What the heck is person or persons unknown going to do with $10,000 worth of cucumbers? That’s one question the Adelaide police are probably asking themselves after eleven robberies of the cylindrical gourd as reported by The Sydney Morning Herald on August 12, 2009. Then there’s the question of identifying the stolen goods. How do you tell one cucumber from another. Can you pick it out of a line-up of other cucumbers?
$10,000 of cucumbers is an awful lot of salad and facials, that’s for sure – or a cucumber cleanse. Or maybe there’s something more sinister afoot … maybe it’s a new unusual, untraceable murder weapon.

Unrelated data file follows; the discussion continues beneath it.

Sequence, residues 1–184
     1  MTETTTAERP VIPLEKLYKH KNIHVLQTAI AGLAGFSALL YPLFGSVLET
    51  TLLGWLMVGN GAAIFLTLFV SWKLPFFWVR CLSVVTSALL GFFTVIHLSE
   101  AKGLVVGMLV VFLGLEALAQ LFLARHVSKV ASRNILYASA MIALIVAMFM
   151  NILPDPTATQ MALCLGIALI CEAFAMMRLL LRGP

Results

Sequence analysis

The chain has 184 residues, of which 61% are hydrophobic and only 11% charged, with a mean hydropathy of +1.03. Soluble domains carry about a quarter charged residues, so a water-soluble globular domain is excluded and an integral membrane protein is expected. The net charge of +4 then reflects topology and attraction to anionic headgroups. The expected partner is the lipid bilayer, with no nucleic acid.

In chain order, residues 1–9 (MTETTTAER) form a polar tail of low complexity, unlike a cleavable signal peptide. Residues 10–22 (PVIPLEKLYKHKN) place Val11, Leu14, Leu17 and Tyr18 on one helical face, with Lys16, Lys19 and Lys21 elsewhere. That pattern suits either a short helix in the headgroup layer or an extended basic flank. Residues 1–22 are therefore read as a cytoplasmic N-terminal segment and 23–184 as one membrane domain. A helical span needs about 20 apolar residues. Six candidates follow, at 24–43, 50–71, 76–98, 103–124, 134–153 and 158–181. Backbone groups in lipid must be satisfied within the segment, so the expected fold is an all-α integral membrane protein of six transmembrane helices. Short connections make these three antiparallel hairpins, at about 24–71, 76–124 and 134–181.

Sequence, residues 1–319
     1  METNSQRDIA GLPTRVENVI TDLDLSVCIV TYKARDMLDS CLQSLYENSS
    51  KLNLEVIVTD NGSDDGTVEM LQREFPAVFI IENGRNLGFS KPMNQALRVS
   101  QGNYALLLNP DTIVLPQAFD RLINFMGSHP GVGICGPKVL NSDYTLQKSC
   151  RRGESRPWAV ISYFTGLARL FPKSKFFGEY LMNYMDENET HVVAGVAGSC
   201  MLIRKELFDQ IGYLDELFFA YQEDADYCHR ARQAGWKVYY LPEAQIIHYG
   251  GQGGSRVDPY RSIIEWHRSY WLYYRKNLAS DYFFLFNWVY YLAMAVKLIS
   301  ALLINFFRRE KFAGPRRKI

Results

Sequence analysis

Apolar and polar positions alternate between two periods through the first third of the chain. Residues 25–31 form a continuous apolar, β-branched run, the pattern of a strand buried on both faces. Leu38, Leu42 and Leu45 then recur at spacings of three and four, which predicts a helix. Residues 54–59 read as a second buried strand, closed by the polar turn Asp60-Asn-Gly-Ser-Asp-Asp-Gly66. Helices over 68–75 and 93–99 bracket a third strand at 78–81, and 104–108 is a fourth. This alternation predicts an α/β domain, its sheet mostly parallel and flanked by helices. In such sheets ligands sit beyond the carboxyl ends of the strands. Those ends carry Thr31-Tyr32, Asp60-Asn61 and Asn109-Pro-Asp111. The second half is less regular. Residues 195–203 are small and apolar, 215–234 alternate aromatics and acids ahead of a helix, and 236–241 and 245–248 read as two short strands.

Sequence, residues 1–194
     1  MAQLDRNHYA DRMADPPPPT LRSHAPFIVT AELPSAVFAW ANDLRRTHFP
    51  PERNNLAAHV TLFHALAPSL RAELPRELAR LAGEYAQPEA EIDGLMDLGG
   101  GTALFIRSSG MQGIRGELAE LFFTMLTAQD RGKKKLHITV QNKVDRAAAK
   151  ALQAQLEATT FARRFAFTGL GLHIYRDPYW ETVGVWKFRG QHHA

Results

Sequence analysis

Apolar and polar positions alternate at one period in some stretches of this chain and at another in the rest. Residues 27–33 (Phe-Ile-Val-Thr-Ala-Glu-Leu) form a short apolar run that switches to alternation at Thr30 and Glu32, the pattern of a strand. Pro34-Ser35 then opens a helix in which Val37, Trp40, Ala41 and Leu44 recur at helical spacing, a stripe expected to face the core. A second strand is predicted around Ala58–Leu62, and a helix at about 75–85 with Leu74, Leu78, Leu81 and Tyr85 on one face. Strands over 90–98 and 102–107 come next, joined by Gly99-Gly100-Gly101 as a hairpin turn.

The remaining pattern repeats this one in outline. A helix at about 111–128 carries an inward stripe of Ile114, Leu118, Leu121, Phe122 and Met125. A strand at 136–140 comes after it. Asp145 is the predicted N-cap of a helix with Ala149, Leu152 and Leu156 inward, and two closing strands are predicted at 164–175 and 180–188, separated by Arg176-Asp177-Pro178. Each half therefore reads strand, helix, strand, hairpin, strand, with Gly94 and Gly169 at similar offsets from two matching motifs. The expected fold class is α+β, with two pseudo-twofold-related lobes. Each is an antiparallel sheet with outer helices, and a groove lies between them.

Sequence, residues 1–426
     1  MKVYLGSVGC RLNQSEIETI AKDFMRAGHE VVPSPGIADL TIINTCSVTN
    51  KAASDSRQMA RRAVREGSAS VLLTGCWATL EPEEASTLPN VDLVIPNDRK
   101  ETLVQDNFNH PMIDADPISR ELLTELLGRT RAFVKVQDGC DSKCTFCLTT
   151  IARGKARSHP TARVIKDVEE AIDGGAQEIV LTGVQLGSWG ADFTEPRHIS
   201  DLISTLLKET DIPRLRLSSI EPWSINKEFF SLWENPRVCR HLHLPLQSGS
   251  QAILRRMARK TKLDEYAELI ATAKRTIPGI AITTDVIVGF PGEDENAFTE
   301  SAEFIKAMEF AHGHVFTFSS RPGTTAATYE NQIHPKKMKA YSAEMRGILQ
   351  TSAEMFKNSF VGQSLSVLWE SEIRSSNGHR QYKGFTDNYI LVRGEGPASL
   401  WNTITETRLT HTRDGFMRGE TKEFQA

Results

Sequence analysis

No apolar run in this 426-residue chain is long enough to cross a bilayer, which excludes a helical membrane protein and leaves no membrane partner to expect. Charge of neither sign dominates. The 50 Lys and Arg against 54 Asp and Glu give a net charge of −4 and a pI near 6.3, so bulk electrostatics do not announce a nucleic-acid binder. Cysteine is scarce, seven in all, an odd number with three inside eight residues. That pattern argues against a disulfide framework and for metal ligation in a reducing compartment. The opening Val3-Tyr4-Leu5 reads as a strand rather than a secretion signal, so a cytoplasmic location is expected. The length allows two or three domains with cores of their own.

In the 1600s, raw vegetables were seen as poisonous or fit only for feeding livestock. Cucumbers were called cowcumbers because they were feed to the cows. Samuel Pepys, famous for his diary written at that time, had an entry in September of 1663, “this day Sir W. Batten tells me that Mr. Newhouse is dead of eating cowcumbers, of which the other day I heard of another, I think.” What a pickle.